Stopping influencer fraud: Who, what and where to look for signs of trouble

When you're investing in an influencer campaign, you want to know you're reaching and engaging the audience you intended — not fake followers. But brands often struggle to differentiate genuine engagement from automation, leaving them with little choice but to cross their fingers and hope for the best. How has that worked out? In 2017, brands spent $2.1 billion on influencer sponsored posts on Instagram, reaching around 6.6 million posts at an average price of $325. More than 11% of the engagement for these posts was generated by a rapidly growing pool of fraudulent accounts. That's $240 million in wasted marketing dollars.

In the early days of branded social media, platforms with no revenue participation had little incentive to allow pixeling for native organic content or to foster the development of third-party verification. That's beginning to change, as forward-looking businesses like Snapchat take a more welcoming stance toward brands seeking to spend money on their platforms. But real metrics remain hard to come by. Having influencers email you a screenshot of their analytics program is no way to verify their credentials or potential success. And an unscrupulous influencer is hardly likely to feel bound by a signed pledge not to participate in fraud. What marketers need is a more concrete and reliable way to identify fake followers and impressions and determine the real reach and impact of social media spend. Here are a few places to begin.

Who to look for

While it's best to take a comprehensive approach to fraud detection, some influencers may merit closer scrutiny than others.

Among traditional celebrities, top-tier influencers are the least likely to be involved in fraud. Already famous, with strong revenue streams established elsewhere, they typically have little motive to risk deceiving brands, or in many cases, to participate in branded content campaigns at all. Second-tier influencers are more likely to be available for campaigns; the safest are those already famous enough, with healthy enough revenue outside social media, to resist the temptations of fake followers. On the other hand, third-tier influencers clamoring to the top may have more reasons to game the system. In the highly competitive social media space, they're likely looking for more followers (real or otherwise) and greater revenue from brand partnerships.

Top-tier celebrities tend to be a safe bet as well. They've achieved success by understanding how to build authentic enthusiasm and engagement, and their fans are often loyal enough to follow their content avidly. Lower-tier digital celebrities pose greater risks. Even reasonably well-known second-tier players are eager to climb to the significantly higher revenue available on the top tier. At the bottom ranks, eagerness can become desperation for those who want to escape traditional employment and feel they have less to lose. Handle with care.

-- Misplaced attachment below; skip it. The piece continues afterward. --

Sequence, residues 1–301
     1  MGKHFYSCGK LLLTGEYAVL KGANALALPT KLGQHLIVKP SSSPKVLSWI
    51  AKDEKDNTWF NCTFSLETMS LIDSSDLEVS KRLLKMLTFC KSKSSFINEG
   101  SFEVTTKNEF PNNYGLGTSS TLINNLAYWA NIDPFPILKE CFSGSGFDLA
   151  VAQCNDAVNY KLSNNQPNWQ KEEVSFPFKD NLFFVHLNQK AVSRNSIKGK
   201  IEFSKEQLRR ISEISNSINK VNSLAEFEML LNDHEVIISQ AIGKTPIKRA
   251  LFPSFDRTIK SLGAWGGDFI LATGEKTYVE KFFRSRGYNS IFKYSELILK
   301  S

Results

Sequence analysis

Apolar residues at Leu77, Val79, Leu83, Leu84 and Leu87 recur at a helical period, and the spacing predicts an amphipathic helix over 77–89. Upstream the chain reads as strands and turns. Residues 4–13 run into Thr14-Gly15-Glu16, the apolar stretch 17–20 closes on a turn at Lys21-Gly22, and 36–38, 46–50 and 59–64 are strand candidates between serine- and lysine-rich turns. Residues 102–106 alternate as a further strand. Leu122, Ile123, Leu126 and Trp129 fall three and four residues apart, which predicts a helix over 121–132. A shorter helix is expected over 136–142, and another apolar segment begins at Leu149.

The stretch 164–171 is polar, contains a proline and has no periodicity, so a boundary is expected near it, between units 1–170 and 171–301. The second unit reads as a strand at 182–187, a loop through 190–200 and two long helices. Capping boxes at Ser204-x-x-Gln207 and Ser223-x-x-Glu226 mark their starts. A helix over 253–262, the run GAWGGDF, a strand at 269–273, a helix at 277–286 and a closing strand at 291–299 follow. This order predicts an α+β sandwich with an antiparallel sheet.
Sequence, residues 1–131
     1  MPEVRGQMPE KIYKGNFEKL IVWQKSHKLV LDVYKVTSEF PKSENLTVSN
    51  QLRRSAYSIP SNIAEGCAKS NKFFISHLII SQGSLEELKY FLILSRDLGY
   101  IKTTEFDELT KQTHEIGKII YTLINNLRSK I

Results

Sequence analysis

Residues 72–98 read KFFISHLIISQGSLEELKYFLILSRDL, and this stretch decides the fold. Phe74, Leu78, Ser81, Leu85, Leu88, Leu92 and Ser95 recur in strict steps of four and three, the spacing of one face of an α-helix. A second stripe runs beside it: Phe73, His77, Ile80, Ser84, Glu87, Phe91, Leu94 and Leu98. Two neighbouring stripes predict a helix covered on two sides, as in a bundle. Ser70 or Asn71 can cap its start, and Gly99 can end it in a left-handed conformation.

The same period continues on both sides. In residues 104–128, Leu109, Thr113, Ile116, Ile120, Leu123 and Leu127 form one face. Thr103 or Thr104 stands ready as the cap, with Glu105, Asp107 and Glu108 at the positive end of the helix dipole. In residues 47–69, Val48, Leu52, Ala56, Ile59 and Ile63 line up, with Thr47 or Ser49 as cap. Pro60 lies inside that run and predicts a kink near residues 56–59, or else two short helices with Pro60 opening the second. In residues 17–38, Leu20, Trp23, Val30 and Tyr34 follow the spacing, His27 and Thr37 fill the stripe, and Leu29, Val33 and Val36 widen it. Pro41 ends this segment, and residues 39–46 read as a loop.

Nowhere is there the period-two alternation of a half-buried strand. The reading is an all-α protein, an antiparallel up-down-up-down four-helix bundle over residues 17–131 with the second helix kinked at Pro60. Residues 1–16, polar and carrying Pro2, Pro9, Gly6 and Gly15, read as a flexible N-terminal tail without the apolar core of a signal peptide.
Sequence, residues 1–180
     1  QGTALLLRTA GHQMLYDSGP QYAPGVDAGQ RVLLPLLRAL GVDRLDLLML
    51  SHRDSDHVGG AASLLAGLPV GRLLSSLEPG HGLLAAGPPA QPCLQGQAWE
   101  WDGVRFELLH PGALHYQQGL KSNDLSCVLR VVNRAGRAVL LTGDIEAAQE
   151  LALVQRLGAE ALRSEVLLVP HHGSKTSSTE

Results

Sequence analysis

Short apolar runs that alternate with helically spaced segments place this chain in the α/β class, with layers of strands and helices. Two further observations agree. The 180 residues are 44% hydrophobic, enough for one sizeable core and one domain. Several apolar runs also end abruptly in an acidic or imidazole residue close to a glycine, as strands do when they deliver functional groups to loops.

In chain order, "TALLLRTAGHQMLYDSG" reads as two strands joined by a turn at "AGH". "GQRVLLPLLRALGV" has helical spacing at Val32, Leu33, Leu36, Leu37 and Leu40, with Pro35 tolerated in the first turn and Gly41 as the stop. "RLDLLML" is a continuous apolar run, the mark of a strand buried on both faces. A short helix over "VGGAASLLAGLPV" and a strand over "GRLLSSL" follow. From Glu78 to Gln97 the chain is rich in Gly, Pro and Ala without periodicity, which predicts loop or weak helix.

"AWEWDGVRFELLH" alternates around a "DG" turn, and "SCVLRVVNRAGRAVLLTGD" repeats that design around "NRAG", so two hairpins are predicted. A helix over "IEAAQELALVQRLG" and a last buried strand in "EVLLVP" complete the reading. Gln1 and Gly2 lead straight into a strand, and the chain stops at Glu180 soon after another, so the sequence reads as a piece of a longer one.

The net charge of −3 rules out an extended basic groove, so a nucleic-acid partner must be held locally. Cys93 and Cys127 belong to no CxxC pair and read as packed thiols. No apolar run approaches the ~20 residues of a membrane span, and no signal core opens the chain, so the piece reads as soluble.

What to look for

It's important to pay attention to engagement patterns on your branded content — not just raw impressions or likes — to help you spot the differences between organic, promoted and fraudulent engagement. For example, while unusually high spikes in engagement may occur naturally, seeing them happen concurrently without a sudden rise in follower count is a red flag.

Where to look

The geographic distribution of engagement can be especially revealing. Does the location of an influencer's followers make sense? Is it reasonably consistent across different posts, both sponsored and otherwise? Are you seeing especially high engagement in places like Russia, known as a hotbed for online fraud?

Influencer fraud detection should become easier over time as leading platforms like Facebook, YouTube and Instagram inevitably accept the need to allow native tracking through third-party integration. It may also help for brands and influencers to let those platforms get a piece of the action; with their own revenue at stake, popular platforms may be more motivated to ensure a clean ecosystem. But brands can't afford to wait. Go ahead and put the power of social media influence to work for your business — just keep your eyes on the metrics to ensure you're truly getting what you pay for.

Jen Coy